Reset or Swap Network Interface Names?

I recently restored a system image from a working freePBX system running on a Dell Optiplex 755 to a Dell Optiplex 745 with similar hardware (2 NICs) that I use for testing purposes.

After restoring the system image to the 745, for some reason the OS is enumerating the onboard Ethernet adapter as eth1 and the PCI Ethernet adapter as eth0.

Is there a way to have the Linux operating system do a reset and re-scan of all hardware? Or, is there a way with the Sangoma Linux 7 to rename/swap the eth0 and eth1 interfaces? I know if I did a complete fresh install on the 745 it would enumerate the interfaces correctly (in order) during setup and initial boot, but I prefer not to lose everything contained/configured in this system image.

So far I have tried removing and reinserting the PCI network adapter, but it always comes back as eth0. I’ve also tried specifying the MAC address in the ifcfg-ethx files by specifying the HWADDR= option in the config files, but the network services will not start because the MAC addresses do not match the hardware addresses detected by the kernel.

I tried following these steps to rename the interfaces here:

location of 70-persistent-net.rules in Centos 7
How do I change eth1 to eth0?

but my suspicion is that the 70-persistent-net.rules file no longer works or pertains to the Sangoma Linux 7 distribution.

Now this site looks more promising, but I do not know exactly what to replace the <module> entries with in the /etc/modules.conf file for the aliases:
Network interfaces assignment problem

I apologize for the lack of experience when it comes to basic Linux skills; I come mainly from a MS environment, and in Windoze, a simple uninstall and reinstall of the network adapters from the Device Mangler followed by a few netsh commands and the adapters would be installed in numerical order.

  1. Change name eth0 and eth1 in /etc/udev/rules.d/70-persistent-net.rules file
  2. then change the ifcfg-eth0 and ifcfg-eth1 files in /etc/sysconfig/network-scripts folder
  3. service network restart

Have a good day ^^;;

Thank you for your reply! Unfortunately I tried what you suggested but it did not work. On the system in question, the 70-persistent-net.rules file does not exist in the /etc/udev/rules.d folder. I did create this file though and gave the user root full permissions. If this file/method works on the Sangoma Linux version 7, perhaps I don’t have the right items configured in the file?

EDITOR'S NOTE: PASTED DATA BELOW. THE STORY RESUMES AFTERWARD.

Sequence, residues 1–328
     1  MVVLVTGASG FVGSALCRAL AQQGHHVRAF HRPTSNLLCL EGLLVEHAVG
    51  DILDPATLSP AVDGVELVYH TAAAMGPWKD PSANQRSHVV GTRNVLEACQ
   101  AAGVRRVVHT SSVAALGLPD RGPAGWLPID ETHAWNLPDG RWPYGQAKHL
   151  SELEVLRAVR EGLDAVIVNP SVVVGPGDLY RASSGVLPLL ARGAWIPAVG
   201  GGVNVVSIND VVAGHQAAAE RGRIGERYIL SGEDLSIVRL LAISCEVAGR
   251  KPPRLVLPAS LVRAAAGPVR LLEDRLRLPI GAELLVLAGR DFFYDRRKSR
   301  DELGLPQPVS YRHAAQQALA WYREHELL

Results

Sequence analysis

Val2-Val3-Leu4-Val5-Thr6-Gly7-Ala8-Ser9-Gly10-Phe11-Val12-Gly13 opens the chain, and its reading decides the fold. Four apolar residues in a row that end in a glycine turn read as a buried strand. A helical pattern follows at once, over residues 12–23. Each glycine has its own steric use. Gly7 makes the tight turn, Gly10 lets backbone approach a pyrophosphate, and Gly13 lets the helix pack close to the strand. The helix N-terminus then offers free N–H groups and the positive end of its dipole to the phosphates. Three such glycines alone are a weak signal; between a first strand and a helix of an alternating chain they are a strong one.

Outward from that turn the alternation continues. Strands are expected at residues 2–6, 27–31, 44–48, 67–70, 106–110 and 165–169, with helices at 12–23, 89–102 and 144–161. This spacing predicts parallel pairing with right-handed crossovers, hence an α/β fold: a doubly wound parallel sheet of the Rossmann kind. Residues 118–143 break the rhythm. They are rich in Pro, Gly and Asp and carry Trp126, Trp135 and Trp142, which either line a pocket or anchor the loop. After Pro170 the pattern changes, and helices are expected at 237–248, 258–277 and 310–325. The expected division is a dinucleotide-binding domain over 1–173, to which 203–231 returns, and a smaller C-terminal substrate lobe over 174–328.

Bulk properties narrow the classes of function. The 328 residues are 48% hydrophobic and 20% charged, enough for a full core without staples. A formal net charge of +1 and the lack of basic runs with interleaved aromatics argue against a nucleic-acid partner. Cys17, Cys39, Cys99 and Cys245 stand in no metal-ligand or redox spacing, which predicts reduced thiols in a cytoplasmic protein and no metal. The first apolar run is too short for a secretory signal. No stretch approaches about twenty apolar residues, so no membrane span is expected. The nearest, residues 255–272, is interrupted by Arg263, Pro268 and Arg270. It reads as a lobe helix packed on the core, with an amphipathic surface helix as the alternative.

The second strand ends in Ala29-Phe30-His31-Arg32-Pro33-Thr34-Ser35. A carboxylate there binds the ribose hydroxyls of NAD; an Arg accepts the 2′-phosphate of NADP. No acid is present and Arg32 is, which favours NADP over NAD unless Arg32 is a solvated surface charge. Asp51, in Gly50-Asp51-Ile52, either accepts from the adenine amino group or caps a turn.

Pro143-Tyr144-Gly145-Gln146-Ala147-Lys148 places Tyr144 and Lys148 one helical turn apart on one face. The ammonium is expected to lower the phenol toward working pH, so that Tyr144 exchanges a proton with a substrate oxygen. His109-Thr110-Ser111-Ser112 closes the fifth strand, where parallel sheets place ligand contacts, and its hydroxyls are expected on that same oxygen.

This is what I put in the 70-persistent-net.rules file:

SUBSYSTEM=="net", ACTION=="add", DRIVERS=="?*", ATTR{address}=="MAC_ADDRESS_OF_ETH0", ATTR{dev_id}=="0x0", ATTR{type}=="1", KERNEL=="eth*", NAME="eth0"

SUBSYSTEM=="net", ACTION=="add", DRIVERS=="?*", ATTR{address}=="MAC_ADDRESS_OF_ETH1", ATTR{dev_id}=="0x0", ATTR{type}=="1", KERNEL=="eth*", NAME="eth1"

replacing MAC_ADDRESS_OF_ETHx" with the corresponding MAC address of the interface.

When you say

do you mean specify the DEVICE=ethx within the config file? Do I need to include the HWADDR= as well?

If you refer to the link below, you will be able to solve it. ^^ :+1:

Following the link provided, I removed the /etc/udev/rules.d/70-persistent-net.rules file and ran

udevadm trigger --type=devices --action=change and

udevadm control --reload-rules

but they never re-generated the file. So I restored the file I originally created, ran the two commands again, and even rebooted, and still no success.

From the link provided, I also even tried creating the /lib/udev/write_net_rules file and added:

# line 25, line 26 is next
INTERFACE=eth0 # provided this is your interface
MATCHADDR="d4:AE:52:AB:AC:AD" # add your real mac address, not this fake one of course

and still no luck. :frowning:

Does anyone else have anything to suggest/try? So far I have gone as far as restoring the image to the system again, but without the second PCI network card installed. With the card not installed, the onboard Ethernet adapter gets properly enumerated as eth0. But as soon as I add the PCI network card in, all Hell breaks loose.

Is there a command that I can run that can re-scan the hardware similar to how the setup iso runs on initial install of FreePBX?

How does the setup enumerate and install devices during the initial install? Or is it left up to the operating system somehow and cannot be controlled or modified?

I’m still at a loss here, and I am thinking of just using VMWare Converter to make a virtual machine of the production machine and go from there, but unfortunately I currently don’t have any USB-to-Ethernet adapters. :slightly_frowning_face:

Any help is greatly appreciated. :slightly_smiling_face:

More Information:
Seeing this post here by @dicko that points to the same Red Hat site that @kunter posted above here, it appears that my particular installation is missing some of the udev rpms required for generating the .rules file. I ran the following commands to install them onto the installation:

yum install udev
yum install libgudev1
yum install python-gudev

I was unable to install the libudev however. Not sure if this might be required?

Lastly, I noticed this comment on the Red Hat site, which leads me to believe that this may still be an issue here in 2023 :roll_eyes: :

This topic was automatically closed 30 days after the last reply. New replies are no longer allowed.